- Check the server running. To do this, issue the command in the CLI:
Below is the desired output:
If you can see the output like on the image above, this means that you did everything correctly.
Basic Work with Secrets
There are several methods to manage secrets in Vault. It has HTTP API to interact with the system programmatically. Also, it has a web-based GUI. The third major option is to use a command-line interface. In this chapter, we are going to show how to create, view, and delete secrets with the help of CLI.
First, let’s create a secret. We need to use the vault kv put command to do this. This command expects to take a path where the secret should be stored internally in the system. The second argument to the command is the key/value pair of the secret. For example, below we create the secret test_secret_key with the test_secret_value, and store it by the secret/test_secret path:
The desired output:
Note, that you need to export VAULT_ADDR and VAULT_DEV_ROOT_TOKEN_ID in the same session from which you want to create a secret. Otherwise, there will be an error.
It is more like a sandbox to send secrets to Vault by direct typing them in the CLI. The vault kv put command can take inputs as files or by reading STDIN. The more reliable way is to use files.
Now let’s view the stored secret. It is as simple as calling the vault kv get command and specifying the path to the secret:
Here is the output:
It is also possible to tell Vault to return only the value, without the key. The vault kv get command is even capable of returning the output in the form of JSON file. This is convenient when you need to use the output for some automated processing later.
Eventually, we may need to delete the existing secret manually. Here is how we can do this:
The output is short:
Vault Web UI Overview
In the previous chapter, we have shown how to perform basic operations (create, get, delete) with secrets using the command line interface. You may remember that Vault also has a GUI. You can do the same manipulations (and even more sophisticated) there.
To access Vault web UI, you should start the server first. After starting the server, you will see the URL to the web UI in the output:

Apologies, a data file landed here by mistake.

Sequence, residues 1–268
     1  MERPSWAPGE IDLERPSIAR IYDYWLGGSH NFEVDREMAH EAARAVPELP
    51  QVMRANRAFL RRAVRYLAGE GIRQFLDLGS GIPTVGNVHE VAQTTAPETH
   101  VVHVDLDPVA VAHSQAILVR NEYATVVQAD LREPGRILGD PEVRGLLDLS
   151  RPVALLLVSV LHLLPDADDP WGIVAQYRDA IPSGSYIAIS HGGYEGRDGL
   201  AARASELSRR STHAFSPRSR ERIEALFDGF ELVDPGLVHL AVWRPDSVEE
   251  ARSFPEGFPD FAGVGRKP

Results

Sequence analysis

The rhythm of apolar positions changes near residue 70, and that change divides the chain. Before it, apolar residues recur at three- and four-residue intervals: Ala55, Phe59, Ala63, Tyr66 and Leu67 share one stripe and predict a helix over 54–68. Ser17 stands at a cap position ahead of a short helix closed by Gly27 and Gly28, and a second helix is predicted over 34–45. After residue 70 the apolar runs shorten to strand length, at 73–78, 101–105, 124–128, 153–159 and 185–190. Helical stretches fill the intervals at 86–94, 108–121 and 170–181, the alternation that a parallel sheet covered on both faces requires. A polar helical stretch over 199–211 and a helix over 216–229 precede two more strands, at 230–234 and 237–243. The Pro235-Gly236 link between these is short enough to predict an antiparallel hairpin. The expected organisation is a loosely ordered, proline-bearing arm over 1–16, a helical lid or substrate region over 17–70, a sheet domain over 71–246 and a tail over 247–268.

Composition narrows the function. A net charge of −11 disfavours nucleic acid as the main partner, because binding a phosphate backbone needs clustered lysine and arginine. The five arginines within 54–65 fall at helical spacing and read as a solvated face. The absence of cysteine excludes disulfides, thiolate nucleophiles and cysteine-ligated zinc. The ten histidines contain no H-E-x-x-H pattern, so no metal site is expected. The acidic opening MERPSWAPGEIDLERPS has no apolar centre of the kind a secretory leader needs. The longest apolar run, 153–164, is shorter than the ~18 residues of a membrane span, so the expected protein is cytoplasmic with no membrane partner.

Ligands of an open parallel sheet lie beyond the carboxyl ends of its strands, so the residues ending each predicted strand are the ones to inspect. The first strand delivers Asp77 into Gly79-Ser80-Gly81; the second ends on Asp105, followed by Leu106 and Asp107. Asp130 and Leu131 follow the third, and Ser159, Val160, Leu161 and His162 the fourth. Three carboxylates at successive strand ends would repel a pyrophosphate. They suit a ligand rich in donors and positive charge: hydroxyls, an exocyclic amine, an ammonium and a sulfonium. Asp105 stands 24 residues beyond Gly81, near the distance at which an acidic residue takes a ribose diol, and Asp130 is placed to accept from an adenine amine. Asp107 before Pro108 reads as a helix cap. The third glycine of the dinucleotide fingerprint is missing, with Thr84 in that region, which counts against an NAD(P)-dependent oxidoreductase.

Follow this URL in your web browser. You will be asked to sign in to Vault:
You can use the root token to authenticate to the UI:
You will see the following main page of the Vault Web UI:
If you go into the secret folder, you will see our secret which we have created in the previous chapter (test_secret):
Nevertheless, if you click on the secret, you will see the message saying that it was deleted:
Let’s go back into the secret folder and click on the Create secret button:
This is how to create a secret from the UI. On the next page, you will be asked about the path for the secret (we have entered secret_from_ui), secret metadata (we left this default), and version data. In the version data section, we clicked on the Add button from the right side to add one more key/value pair. After everything here is filled, you can press the Save button. This will create the secret.
Now we have the secret_from_ui secret in the secret folder as well:
If we click on the name of the secret, we will see the key/value pairs. After pressing the eye icon, the value for the corresponding key will be displayed:
The panel for managing the secret is located in the right part of the window. You can delete the secret, copy it, create a new version, view history, etc.
There is the control panel at the top of the page. You can manage via UI not only secrets, but also the access, policies, and tools. Each menu has its sub-menu. For example, here is the Access tab:
On the right side of the window, you can press the middle button:
This will open the CLI directly in your browser. If you need to execute some commands from the CLI, you can do it directly in your browser.
As we can see, Vault’s web UI provides capabilities for performing the same thing as via CLI or API. What interface you should use entirely depends on the task you need to accomplish. For example, if you need to create and store a few secrets only once, it is better to use web UI. But if you need to work with Vault permanently and in an automated manner, it is obvious that you should use other options (probably, HTTP API).
In this tutorial, we had a quick look at Vault. It is a modern system for managing secrets (passwords, credentials, keys, etc.). We have looked at the motivation for using Vault and its core features. Then, we described how to install it and set up a development server. After having the server running, we demonstrated basic operations with secrets in Vault: creation, getting, and deletion of the secret. We have used the command-line interface for this. At the same time, we made an overview of the Vault’s web-based user interface. After reading this material, you should be able to start using basic Vault’s features.